The Semi-Sweet and Maybe Life-Changing 2012 Be-All Conference
Each Be-All has a life of its own in terms of personal experiences, and I knew this one would be special if only for the fact that the 2012 Be-All was where my novel was released.
It was even richer and more pleasing than I anticipated.
My Best Book Launch Ever
Well, okay, it was also my only book launch ever, but it was great! We had wonderful attendance, even though the time competed with a casino outing and a seminar on polite BDSM. My project manager, the lovely Francesca Amari, wooed conferees in by opening and closing the show with her spectacular singing…Francesca is a cabaret singer (a brilliant one) in her ‘other’ life.
The audience seemed to enjoy the readings and raffles, and Windy City Publishers president Lise Marinelli made the entire presentation go perfectly.
We sold a number of books and several people actually read them before the conference was over…oh be still my soaring ego!
My heartfelt thanks to all who attended and all who helped with the event.
Honoring transgender veterans
My book launch wasn’t the only emotionally stirring event—there were several. The most remarkable of them was a special luncheon ceremony to honor military veterans from the transgender community.
One of our number, Ashley, conducts honor ceremonies for veterans as part of her job. She presented the program, complete with color guard and music.
The ceremony produced many memorable moments included the sight of the transgender veterans standing simultaneously to receive group recognition. There were a lot of us! At least one out of four people in the room were veterans—and impressive sight when our federal government is still dithering about “allowing” LGBT people to serve in the armed forces.
In point of fact, when things are tough our country has trouble attracting enough people to serve without injecting gutter-level bigotry into the equation. Most of us in the ceremony served in our male birth gender and dealt with our gender issues later in life. It was an extra burden to carry, certainly, but we served honorably…some (not me) heroically.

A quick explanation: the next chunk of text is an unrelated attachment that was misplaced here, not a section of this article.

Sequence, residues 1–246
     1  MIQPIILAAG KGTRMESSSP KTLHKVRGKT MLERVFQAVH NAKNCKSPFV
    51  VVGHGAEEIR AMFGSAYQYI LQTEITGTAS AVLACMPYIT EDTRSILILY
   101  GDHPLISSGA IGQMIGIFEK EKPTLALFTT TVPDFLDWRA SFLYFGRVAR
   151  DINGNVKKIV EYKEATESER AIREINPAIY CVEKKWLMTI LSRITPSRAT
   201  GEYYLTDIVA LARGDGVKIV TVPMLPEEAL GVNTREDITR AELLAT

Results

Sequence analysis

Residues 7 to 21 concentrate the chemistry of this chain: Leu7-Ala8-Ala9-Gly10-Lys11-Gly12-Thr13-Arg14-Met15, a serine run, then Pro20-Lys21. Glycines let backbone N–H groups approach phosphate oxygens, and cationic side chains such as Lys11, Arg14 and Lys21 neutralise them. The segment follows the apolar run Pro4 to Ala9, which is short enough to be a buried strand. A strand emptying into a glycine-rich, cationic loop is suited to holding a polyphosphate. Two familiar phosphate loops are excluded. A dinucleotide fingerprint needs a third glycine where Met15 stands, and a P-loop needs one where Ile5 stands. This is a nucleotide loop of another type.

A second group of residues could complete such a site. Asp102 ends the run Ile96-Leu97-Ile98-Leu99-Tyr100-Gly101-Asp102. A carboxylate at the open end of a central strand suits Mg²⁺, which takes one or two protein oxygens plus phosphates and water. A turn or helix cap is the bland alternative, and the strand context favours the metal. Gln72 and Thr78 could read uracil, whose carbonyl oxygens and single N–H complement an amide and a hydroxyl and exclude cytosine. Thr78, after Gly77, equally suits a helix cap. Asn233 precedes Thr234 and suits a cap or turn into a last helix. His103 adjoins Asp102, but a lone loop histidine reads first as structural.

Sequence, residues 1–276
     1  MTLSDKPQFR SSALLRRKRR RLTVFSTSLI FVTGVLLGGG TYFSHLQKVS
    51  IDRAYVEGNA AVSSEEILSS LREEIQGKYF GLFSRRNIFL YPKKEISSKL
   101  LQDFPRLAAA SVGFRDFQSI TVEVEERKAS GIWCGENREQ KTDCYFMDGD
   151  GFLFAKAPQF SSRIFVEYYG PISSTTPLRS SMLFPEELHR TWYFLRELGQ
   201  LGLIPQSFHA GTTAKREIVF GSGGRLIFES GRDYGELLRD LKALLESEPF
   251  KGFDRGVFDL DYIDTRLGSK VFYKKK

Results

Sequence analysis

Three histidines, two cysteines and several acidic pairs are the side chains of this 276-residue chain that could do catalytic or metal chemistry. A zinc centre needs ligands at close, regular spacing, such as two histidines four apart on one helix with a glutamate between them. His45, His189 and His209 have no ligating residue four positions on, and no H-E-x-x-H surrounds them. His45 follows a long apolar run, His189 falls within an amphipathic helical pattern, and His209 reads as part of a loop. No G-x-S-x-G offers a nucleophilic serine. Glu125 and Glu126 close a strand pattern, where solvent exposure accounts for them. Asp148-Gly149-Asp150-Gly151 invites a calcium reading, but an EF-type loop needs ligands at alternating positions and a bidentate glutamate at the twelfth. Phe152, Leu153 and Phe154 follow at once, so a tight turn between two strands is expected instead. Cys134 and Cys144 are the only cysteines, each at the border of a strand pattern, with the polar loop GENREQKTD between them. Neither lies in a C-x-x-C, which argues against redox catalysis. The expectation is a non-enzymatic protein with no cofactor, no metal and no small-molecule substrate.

An interesting footnote to that last remark: one of my sisters was cited for serving a second tour in Vietnam years after her first, to honor a fallen comrade. I can’t even imagine the courage and sacrifice this took…it would be like voluntarily re-entering a nightmare and staying in it for a full year.
Think about that lady next time you hear Rush Limbaugh or any of this country’s other draft-dodging cowards sound off on the fitness of trans, gay or lesbian people to serve!
Stirring the Ashes of Vietnam…Again
For me personally, the most moving moment of the conference came when Ashley welcomed home the Vietnam veterans in the room.
Many of us came home to a society that was variously hostile or indifferent to our service. People who supported the war sometimes regarded us as drug abusers and losers, while those opposed to the war considered us baby-killers. My personal experience coming home was that no one else in my circle of friends and business acquaintences had served and no one cared one way or the other about the war. So I had no one else to talk to about what I had experienced for the past two and a half years, including an 18-month stint in Vietnam.